Without further state action to correct their lookbacks, EB payments end 1/28/2012 in DC, FL, GA, NC, NJ, NM, OH, and PA:

Per BLS 12/27/2012:
Federal law currently provides for 100% Federal sharing for benefit costs under the Federal-State EB program for weeks of unemployment beginning before March 7, 2012. States that have linked the expiration of their EB TUR trigger to the termination of 100% Federal sharing for EB will continue to be in a payable period until the trigger in their law expires or the state triggers "off".

The Federal authorization to have a three year look-back expires on February 29, 2012. States that have tied their three year look-back to the period for 100% Federal sharing for EB will continue to have a three year look-back. However, states that used a hard end date in state law for the three year look-back provision will not have that provision extended by the recent Federal enactments. Absent additional state enactments, the following states will fail to meet the look-back criteria for the TUR trigger and cease to be triggered "on" to EB with the week ending January 7, 2012 and have their EB period conclude January 28, 2012: (DC, FL, GA, NC, NJ, NM, OH, and PA).

New Jersey currently has legislation underway to correct the lookback. It has not been signed as yet.

N.J. legislative Democrats say they will approve extended unemployment benefits by Jan. 9 | State | -- Your State. Your News.

7. I don't understand the lookback. What is it?

Current unemployment rate needs to be 110%/120% (state specific) higher than a period of one, two, or three years prior, determined by federal regs and compliance in state statutes.

An entire thread on the subject here:

Confused about states ending EB based on falling below 110%...

BLS trigger report gives a percentage comparison and lists individual state lookbacks

Trigger Notice Report

8. I've been collecting for a year and am on Tier 2. My claim expires next week. What happens now?

Some states automatically perform the recertification process as long as you continue to file weekly or biweekly claims. In most states, you will need to telephone your state to RECERTIFY your claim. Your state will do a monetary reevaluation for a new claim. If you have not had eligible earnings during your past benefit year, your "application for a new claim" will be denied, your old claim reopened and you continue to receive benefits on that claim. You may receive confusing correspondence at this time, especially in Illinois. Be sure to telephone your state if this happens - and keep claiming if the system allows.

9. I want to move to another state. Can I still collect benefits?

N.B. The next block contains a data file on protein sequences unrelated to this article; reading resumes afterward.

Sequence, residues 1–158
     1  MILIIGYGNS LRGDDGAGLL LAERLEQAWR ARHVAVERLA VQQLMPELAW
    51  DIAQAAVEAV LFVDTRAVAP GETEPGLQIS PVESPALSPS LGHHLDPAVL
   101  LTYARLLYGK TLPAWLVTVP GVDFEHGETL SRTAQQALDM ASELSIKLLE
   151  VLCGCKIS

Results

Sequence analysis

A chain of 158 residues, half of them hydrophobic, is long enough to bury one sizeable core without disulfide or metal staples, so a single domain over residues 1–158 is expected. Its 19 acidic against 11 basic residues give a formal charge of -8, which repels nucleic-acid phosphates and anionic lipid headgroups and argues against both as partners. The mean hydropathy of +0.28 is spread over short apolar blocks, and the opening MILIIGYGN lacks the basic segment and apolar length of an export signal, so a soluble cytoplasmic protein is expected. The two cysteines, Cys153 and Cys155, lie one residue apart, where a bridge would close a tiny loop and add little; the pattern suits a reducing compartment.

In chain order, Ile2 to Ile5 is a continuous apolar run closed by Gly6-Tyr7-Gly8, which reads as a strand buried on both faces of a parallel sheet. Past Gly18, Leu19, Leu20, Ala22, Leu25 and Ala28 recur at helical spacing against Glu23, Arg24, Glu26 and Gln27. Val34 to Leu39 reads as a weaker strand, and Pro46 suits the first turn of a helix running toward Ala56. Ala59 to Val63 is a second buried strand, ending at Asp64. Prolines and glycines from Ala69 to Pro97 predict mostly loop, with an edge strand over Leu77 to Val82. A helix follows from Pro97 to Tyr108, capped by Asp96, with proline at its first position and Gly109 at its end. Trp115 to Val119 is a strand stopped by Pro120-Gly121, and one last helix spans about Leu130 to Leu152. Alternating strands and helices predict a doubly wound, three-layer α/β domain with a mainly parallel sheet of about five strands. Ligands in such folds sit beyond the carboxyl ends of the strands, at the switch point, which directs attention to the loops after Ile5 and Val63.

Yes. Your benefits are not affected by resident state triggers if you move, only those applicable to your claiming state. You cannot, however, collect EB if your new resident state is not also paying EB. Both resident state and claiming state must be paying EB. If your resident state is not paying EB, your state will pay you two weeks EB and then cease.

Notify your state of your new address BEFORE you move. NYS, in particular, gets very upset if they are not notified. Also, unemployment mail is NOT forwarded. If you move without notifying your UE office, any correspondence sent will be returned to them. In addition, they may suspend your benefits.

10. Can I claim if I am out of the country?

Check your state website, or call them. NYS has guidelines for out-of-country claims, and will pay internet and phone claims from certain US Territories and Canada. It will not allow or pay claims from Europe and other areas, if detected. In addition it may suspend and ask for repayment of benefits. NYS has protocols in place to identify out-of-country claimants.

11. Why is my last payment so small?

State benefits must be exhausted completely before federal benefits begin. Same applies to Tiers and EB. One tier must be completely exhausted before beginning payments on the next tier/EB. This often results in an odd payment before full benefit payments resume, especially if you’ve been working and have been receiving partial benefits.

12. Why did my last biweekly claim only provide for one claim week?

Transition from state benefits to tier benefits and/or EB. In the event of biweekly claims, claimant might experience one week without benefits before federal benefits begin.

13. Will I get that money on my next claim?
No. You will receive all your benefits, but that skipped week is not paid retroactively. It just extends the time over which benefits are paid.

Last edited by JMT; 02-29-2012 at 01:49 PM.. Reason: Added "paid" per OP's request.